He pointed to the feet. Painted toenails she could now see. Pam remained still, nodded. She kept watching one of the feet, but it did not move.
Mac moved slowly, listening. He rounded the corner and saw her there. A woman. Middle aged, brown hair, a neat hole in her forehead and nearly dried blood. She’d been shot dead and left sitting against the counter. An awkward pose with a confused grimace still on her lips.
Mac didn't hesitate. “Let’s go, now,” he said in a hushed voice. He hobbled quickly back, grabbing Pam by the hand.
“The truck,” he whispered. "Now." His calm momentarily abandoning him.
“What? What’s going on?”
“She was shot -- killed.” Pam looked back toward the register.
"Wait!" Pam said.
"Did you check for food?"
His eyes, behind his goggles, said it all.
Pam turned, jogged to the register, saw the woman, then also saw the box.
Mac came limping behind her. "They've scavenged the area already. There's nothing."
Pam reached behind the dead woman. She had been concealing something after all. A box.
Mac helped her lift the woman off of her chair. Underneath was the box. Pam pulled it out and set it on the counter where large amounts of cash lay spread out. Cash that was now worthless.
She peered inside the box. Canned goods, bottles of water, flashlights and a handgun.
"Looks like she never had time to get her gun," Mac said. "But let's go. I don't like this."
They both immediately drank the water, temporarily pulling their masks to the side.
At the front window, Mac looked out at the gas pumps. The truck was still there, but so was a second car. It had just pulled up.
“Dammit," Mac said under his breath. "Crap, crap, crap," he hissed.
“What now?” Pam asked. She saw the station wagon.
“Maybe they are just getting gas, like us,” he said.
"Look at them," Mac ordered.
Pam stared hard. Just a station wagon. Shadows of people in the back. A figure in the passengers front, scanning the diner. It was a her. She had not yet looked this way.
“Here.” He handed her a plastic bag. “Fill this.”
“Those.” Mac pointed at the contents of the box.
Pam stuffed the bag.
"Let's walk back. Be as calm as you can." Mac walked on his own, not wanting to show weakness.
They walked to their truck, as causally as they could. Mac had removed his blood soaked towel from his leg and was doing a good job of disguising his limp. He used Pam to block their view as they seemingly strolled toward their pick-up.
A man from the new car, an old station wagon, was filling his tank. He momentarily stiffened, then nodded. He glanced at the bag Pam was holding. He had quick eyes. Alert.
The air temperature was dropping again and the sky was growing darker. The strange and colorful mist was still blowing around the fuel pumps.
As they walked, Pam saw that there were four of them all together. None of the people from the station wagon were wearing face masks.
Pam's own face mask made her appear like a haggard survivalist, she knew, but the ignorance of these people was something, she thought. The air was full of microscopic glass. Didn't they know?
“I’ll be damned! These are working,” the man from the station wagon said. He patted the fuel handle. Tried to make conversation. His nose was bleeding and he was coughing.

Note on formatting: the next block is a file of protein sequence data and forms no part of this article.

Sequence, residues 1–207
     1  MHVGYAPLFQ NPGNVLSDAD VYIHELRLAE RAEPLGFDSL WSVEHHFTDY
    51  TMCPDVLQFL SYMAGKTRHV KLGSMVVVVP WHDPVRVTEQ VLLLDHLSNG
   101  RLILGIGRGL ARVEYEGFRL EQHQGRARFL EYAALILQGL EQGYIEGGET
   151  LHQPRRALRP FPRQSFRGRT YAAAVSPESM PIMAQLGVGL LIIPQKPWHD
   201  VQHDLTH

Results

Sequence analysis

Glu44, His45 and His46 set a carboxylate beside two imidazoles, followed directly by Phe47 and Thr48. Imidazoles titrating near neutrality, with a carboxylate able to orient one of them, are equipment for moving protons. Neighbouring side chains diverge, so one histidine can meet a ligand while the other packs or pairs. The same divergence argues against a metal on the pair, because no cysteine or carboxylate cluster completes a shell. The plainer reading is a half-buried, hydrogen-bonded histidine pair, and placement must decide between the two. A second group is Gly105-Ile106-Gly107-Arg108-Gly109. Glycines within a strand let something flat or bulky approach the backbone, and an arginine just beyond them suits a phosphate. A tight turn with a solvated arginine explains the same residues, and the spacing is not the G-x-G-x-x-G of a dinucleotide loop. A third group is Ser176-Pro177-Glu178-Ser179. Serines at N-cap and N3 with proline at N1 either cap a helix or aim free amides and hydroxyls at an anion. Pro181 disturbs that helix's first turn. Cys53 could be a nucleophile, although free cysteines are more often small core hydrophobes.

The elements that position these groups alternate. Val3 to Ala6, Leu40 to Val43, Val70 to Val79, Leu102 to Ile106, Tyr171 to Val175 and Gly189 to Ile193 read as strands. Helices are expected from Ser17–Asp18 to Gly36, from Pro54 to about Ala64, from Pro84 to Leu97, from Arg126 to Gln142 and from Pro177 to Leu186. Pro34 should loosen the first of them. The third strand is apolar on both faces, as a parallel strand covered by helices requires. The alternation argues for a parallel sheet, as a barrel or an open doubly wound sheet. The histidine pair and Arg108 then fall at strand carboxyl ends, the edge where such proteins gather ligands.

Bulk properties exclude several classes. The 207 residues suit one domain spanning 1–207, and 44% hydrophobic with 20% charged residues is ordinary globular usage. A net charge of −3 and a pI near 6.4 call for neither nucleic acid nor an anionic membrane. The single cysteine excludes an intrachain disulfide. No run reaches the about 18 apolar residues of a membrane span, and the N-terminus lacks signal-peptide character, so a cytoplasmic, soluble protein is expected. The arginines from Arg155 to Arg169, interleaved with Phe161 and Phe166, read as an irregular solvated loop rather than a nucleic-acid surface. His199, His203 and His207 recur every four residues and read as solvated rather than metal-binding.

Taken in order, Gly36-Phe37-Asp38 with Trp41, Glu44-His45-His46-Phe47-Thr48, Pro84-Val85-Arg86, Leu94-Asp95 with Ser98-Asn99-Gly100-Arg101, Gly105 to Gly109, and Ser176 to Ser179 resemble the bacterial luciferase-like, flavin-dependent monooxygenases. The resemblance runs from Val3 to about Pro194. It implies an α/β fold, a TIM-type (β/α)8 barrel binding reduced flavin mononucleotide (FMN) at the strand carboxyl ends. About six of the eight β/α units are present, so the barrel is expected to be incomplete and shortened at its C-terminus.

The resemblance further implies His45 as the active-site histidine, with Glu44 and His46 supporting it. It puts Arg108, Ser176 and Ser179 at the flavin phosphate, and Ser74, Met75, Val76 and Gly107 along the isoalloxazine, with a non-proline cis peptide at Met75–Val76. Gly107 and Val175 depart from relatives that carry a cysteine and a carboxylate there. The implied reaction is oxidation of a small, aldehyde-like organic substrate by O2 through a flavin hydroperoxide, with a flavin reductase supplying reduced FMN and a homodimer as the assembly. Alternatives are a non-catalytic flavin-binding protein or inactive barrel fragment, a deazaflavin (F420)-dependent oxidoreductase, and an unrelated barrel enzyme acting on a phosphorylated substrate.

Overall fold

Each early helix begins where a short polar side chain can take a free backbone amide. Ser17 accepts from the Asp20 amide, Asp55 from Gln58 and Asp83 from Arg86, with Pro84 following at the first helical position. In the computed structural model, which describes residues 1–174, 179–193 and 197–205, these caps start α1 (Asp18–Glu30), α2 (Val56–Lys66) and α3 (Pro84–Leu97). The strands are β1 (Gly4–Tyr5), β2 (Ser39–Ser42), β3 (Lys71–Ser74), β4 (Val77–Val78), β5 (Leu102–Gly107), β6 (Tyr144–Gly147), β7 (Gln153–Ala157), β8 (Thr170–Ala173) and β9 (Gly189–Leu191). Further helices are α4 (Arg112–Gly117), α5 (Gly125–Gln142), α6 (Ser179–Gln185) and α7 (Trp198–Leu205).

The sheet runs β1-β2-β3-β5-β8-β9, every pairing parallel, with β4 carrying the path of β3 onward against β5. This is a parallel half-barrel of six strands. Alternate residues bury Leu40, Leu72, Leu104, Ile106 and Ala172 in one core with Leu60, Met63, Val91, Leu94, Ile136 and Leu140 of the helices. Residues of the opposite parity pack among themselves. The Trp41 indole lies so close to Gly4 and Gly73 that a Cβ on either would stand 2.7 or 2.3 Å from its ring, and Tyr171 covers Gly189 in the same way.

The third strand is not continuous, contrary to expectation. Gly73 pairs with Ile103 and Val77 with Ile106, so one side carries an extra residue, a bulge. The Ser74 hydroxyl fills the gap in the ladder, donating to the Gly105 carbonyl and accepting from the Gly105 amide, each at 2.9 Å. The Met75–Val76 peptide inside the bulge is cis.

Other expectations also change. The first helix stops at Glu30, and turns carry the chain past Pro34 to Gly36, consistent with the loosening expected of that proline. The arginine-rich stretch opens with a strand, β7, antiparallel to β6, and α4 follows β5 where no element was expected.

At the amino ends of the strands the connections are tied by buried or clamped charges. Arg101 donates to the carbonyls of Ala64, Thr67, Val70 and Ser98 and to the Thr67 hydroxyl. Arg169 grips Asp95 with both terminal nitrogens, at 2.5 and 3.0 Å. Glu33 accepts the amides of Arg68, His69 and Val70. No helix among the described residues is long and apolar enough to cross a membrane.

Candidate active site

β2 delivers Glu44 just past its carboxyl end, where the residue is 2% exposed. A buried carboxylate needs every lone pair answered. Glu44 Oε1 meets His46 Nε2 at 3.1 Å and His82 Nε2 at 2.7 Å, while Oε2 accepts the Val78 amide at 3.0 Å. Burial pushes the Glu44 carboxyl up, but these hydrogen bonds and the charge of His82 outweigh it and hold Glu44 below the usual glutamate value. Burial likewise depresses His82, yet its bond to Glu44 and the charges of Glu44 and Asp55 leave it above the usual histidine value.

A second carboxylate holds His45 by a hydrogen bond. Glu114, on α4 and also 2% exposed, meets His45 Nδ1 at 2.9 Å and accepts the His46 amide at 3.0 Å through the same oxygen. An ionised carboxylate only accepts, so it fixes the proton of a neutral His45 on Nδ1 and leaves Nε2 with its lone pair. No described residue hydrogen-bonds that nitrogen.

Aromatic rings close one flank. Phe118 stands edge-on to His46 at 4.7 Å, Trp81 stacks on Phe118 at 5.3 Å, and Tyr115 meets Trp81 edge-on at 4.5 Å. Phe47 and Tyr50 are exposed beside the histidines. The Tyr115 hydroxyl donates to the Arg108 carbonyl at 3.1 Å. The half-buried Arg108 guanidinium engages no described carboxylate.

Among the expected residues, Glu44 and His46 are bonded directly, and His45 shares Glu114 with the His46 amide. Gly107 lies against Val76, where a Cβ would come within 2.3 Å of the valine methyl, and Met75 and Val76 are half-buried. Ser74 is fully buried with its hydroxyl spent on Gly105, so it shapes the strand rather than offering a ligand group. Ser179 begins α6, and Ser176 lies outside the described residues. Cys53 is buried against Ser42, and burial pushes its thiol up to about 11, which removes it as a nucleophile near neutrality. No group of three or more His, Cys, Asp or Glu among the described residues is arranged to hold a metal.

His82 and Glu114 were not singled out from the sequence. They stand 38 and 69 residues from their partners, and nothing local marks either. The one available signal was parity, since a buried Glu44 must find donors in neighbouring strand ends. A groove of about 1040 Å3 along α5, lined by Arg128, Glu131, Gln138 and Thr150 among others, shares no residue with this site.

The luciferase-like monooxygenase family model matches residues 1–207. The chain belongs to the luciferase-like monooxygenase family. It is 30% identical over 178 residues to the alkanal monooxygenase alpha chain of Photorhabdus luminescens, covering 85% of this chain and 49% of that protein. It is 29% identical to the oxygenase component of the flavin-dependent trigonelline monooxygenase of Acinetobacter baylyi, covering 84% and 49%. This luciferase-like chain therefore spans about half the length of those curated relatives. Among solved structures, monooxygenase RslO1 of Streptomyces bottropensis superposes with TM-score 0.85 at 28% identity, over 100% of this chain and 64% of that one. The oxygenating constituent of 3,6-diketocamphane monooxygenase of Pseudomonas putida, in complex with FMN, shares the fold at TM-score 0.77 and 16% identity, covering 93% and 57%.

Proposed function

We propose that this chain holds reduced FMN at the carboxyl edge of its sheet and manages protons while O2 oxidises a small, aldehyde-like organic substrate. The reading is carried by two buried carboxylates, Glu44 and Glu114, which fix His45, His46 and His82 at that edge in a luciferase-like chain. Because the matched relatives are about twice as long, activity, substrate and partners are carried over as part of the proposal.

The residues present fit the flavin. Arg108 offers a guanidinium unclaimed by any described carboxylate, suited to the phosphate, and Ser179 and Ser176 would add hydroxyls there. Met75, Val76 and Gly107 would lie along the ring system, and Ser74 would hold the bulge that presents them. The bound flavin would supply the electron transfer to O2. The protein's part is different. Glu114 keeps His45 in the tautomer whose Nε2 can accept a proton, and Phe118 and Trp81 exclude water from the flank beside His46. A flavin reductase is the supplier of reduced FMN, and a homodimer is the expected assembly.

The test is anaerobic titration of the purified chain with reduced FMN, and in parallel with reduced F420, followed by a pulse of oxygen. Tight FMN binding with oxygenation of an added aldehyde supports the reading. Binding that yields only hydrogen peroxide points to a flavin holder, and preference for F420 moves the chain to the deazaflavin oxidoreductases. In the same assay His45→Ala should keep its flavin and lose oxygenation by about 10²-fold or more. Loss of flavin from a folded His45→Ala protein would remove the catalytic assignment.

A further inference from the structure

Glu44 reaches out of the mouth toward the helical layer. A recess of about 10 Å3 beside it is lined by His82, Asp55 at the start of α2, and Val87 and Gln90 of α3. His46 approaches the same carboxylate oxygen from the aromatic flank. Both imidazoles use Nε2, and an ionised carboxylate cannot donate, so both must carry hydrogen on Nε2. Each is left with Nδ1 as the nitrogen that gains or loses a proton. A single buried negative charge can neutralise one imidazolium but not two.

Mac nodded. "Yep."
The man wiped his nose. You could see his mental tumblers clicking away. I am bleeding, he was thinking. Then he ignored it and glanced at Pam again.
You are dying, you idiot, Pam thought.
Mac shook his head at Pam. Get in.
She jumped into the truck, keeping an eye on the new people. They seemed cagey, on edge and definitely sick. Much worse than her. End stage and desperate, but making a show of it.
The man’s wife, if she was his wife, was holding a shotgun. She stood close to him now, as he filled the car's tank. Again, no face mask and little bits of dried blood, now freshening, were on her upper lip. She licked it away.
Two others were sitting in the backseat, wrapped in thick sweaters. They were deep in conversation -- maybe an argument. Both looked sick, with balled up bloodied rags over their mouths. When they saw Mac, they went stiff, quieted, stared.
It seemed that these travelers had not expected anyone, but neither had Mac.
“Where you heading?” It was the driver of the station wagon. He was finishing up with the fuel. “Nice old truck. Does it run well?”
Mac looked at him. Considered. Knew he was stalling. The woman with the shot gun was moving to one side.
Mac recognized the flanking maneuver.
“Away,” he answered. And, “she’s burning oil. How's your ride?"
Mac had to buy time. Confuse them. Chang their minds. He knew what was coming.
The man glanced at the station wagon. "Not much better." he put his hands behind his back.
“They open?” The woman was talking now. Her shotgun held almost too casually. She used it to point at the diner. By now she had strolled to the far fuel pump. Used it for cover.
Pam was closest. She was watching the woman carefully and squeezing Mac’s arm, steadied him, as he fumbled with the keys.
“They are open,” Pam said. “Clerk’s inside.”
Mac started and was revving the truck’s engine now. Clouds of blue smoke billowed from the rattling exhaust. Proving his point.
“Not much business,” the shotgun lady said. She was looking in the direction of the single parked car. The one Mac had seen when they had first arrived.
But something seemed to change their minds. Pam pressed on.
“They just drove up in that car.” Pam lied. “They are at the buffet, I think.” She was still coaxing the shotgun lady, but the man had turned to look at the restaurant where the lights were still on. Small red lamps cast a dim glow inside and steam was coming from the roof area in back.
The woman with the shotgun was shaking now. “Buffet? They are serving breakfast? Really?” You could tell she was hungry and the mere promise of food was too much.